The truth is even the most attentive and well-meaning parents may not be able to protect their child against a perpetrator. You certainly can provide a more protective environment by assessing environments, knowing people who associate with your children and educating your child. But sometimes, children are abused and the best of parents could not have done anything about it. Perpetrators are excellent manipulators, and may also have manipulated the parents into believing their child is safe with them.
Of course, talking to your children about the difference between good touch and bad touch is important.
Also tell your children that rule applies to everyone, even
family members, teachers or people who are your friends. Teach them that it
is okay to remove themselves from uncomfortable situations and how to reach
you as soon as possible to tell you about any occurrences. Then listen carefully.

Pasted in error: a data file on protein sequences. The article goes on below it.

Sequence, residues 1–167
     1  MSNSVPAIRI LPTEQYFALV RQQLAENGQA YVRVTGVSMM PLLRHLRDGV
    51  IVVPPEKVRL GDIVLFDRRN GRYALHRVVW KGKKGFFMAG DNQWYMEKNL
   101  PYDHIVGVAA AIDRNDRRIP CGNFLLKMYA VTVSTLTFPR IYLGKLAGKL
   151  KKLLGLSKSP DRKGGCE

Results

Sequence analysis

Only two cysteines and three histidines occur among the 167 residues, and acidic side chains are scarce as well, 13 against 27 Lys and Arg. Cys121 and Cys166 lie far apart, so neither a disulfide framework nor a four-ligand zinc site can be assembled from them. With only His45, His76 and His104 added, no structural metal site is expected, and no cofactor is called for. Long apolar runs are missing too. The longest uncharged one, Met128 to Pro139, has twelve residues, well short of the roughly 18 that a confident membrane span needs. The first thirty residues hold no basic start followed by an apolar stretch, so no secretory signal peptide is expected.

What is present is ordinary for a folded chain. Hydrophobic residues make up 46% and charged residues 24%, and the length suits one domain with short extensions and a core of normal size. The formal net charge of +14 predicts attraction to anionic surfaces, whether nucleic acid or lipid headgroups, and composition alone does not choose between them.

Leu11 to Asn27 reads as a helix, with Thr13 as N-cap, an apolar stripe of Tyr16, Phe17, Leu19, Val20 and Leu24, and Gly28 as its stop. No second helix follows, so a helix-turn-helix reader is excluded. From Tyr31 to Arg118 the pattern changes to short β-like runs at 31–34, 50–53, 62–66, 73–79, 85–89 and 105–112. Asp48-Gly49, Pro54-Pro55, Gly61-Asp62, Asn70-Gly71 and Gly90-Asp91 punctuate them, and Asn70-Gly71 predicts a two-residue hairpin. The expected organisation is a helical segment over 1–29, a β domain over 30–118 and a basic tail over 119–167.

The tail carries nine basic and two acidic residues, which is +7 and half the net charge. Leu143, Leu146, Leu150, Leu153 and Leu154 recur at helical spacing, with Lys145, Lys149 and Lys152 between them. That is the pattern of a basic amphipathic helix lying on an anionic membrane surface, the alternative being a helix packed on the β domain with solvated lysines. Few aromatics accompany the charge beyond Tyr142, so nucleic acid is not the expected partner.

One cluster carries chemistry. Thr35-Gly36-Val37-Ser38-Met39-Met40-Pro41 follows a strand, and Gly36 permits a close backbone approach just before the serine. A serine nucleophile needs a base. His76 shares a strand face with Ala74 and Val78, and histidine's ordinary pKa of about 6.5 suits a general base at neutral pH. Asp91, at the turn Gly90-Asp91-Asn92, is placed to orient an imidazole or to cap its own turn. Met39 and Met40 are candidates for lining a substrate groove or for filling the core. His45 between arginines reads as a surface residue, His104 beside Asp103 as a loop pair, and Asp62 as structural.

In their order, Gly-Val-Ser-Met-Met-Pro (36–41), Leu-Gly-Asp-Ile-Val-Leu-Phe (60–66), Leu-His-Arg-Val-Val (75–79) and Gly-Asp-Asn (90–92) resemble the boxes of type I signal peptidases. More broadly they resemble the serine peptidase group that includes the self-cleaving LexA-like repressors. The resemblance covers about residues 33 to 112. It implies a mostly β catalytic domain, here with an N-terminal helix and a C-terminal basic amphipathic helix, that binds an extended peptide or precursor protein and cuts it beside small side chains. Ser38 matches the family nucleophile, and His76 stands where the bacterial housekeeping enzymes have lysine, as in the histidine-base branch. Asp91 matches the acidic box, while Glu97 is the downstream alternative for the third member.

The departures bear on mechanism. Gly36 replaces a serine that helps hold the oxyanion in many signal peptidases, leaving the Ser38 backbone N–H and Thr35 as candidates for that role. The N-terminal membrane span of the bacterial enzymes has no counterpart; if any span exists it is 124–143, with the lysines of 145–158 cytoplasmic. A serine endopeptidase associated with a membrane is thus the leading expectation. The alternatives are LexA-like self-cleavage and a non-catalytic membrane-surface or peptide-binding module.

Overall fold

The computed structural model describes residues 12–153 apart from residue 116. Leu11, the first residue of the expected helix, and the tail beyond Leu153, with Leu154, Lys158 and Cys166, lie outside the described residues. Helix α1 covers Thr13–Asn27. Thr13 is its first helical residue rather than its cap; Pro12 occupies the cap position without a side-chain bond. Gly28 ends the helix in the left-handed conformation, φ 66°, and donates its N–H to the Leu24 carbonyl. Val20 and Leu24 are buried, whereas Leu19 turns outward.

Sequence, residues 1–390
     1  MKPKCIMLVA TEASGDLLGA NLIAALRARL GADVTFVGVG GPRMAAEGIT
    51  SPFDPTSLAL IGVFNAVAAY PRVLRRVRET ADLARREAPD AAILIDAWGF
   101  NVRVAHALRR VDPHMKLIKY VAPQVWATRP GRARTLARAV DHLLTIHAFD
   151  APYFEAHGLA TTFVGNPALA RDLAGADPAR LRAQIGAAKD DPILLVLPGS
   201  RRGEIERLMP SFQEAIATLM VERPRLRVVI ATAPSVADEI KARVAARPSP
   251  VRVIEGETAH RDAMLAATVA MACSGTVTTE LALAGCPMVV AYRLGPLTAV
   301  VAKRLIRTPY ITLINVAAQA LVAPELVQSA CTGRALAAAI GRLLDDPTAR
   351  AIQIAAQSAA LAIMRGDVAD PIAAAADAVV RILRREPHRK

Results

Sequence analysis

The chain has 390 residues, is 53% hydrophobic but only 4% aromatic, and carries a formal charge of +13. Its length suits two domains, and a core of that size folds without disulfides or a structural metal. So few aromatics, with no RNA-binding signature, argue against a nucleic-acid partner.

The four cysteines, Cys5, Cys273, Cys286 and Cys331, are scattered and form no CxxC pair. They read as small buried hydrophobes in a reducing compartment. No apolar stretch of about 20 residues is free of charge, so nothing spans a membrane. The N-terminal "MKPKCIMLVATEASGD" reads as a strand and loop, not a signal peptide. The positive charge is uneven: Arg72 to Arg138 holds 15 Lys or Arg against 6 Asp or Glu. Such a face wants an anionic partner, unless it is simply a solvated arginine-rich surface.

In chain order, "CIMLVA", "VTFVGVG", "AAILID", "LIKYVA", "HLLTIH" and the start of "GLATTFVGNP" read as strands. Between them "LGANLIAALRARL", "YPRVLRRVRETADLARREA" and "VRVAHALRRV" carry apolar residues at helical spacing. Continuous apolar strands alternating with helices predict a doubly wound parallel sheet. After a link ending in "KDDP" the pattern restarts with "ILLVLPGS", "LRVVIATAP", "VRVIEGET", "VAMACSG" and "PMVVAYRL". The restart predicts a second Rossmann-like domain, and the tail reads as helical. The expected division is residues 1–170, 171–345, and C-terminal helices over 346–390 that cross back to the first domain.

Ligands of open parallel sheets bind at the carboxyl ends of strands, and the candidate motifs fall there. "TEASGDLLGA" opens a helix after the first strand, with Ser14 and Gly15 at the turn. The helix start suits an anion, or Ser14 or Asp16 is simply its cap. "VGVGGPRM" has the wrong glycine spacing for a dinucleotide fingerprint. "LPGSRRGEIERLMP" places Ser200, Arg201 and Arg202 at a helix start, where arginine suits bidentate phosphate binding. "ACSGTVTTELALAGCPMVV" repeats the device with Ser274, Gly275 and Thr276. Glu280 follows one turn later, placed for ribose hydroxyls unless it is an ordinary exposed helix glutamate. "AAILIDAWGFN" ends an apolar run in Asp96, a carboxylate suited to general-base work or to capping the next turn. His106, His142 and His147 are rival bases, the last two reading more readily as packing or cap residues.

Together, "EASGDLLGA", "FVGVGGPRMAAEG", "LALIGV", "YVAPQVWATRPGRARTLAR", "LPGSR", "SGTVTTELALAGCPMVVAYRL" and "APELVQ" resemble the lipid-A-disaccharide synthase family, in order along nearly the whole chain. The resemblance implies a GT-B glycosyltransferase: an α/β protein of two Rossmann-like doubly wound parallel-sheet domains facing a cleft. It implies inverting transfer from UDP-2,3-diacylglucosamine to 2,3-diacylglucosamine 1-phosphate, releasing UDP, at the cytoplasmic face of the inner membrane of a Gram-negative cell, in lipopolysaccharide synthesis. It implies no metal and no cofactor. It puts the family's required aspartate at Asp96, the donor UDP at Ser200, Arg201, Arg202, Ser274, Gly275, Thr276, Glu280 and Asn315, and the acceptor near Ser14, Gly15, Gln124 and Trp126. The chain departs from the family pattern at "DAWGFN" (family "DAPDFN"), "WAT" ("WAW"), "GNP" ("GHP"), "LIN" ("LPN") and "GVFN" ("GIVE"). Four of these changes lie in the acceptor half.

If you have any doubts, trust your child. You can learn to recognize behavior
symptoms to immediately get your child help if abuse occurs. Too often parents
also get lost in guilt and may even suffer from secondary post traumatic stress.
The guilt and over-protectiveness that often results may negatively effect
their child. Its important parents also get professional counseling when their
child is abused.
The majority of children are abused by strangers.
Most children are abused by people the child or parent knows
and trusts. Think about it. They are most vulnerable to these people. Of course,
parents need to continue to provide educational warnings regarding strangers,
too. But, children need to know that we can’t always trust people that we
think we can. They need to know how grown-ups can manipulate children, and
the difference between acceptable touch and non-acceptable touch. Children
find it easy to understand that one clear unacceptable touch zone is anything
that would be covered by a bathing suit. See sexual
abuse for more information.